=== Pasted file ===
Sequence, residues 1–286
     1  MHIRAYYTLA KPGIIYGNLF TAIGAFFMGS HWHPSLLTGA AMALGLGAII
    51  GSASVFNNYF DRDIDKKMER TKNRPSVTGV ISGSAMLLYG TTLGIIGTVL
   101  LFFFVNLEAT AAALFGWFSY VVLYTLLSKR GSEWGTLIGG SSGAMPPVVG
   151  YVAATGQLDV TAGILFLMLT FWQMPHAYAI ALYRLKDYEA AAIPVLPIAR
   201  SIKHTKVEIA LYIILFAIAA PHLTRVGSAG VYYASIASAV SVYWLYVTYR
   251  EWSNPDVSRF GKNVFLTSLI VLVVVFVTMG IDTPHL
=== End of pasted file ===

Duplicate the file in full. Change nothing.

Sequence, residues 1–286
     1  MHIRAYYTLA KPGIIYGNLF TAIGAFFMGS HWHPSLLTGA AMALGLGAII
    51  GSASVFNNYF DRDIDKKMER TKNRPSVTGV ISGSAMLLYG TTLGIIGTVL
   101  LFFFVNLEAT AAALFGWFSY VVLYTLLSKR GSEWGTLIGG SSGAMPPVVG
   151  YVAATGQLDV TAGILFLMLT FWQMPHAYAI ALYRLKDYEA AAIPVLPIAR
   201  SIKHTKVEIA LYIILFAIAA PHLTRVGSAG VYYASIASAV SVYWLYVTYR
   251  EWSNPDVSRF GKNVFLTSLI VLVVVFVTMG IDTPHL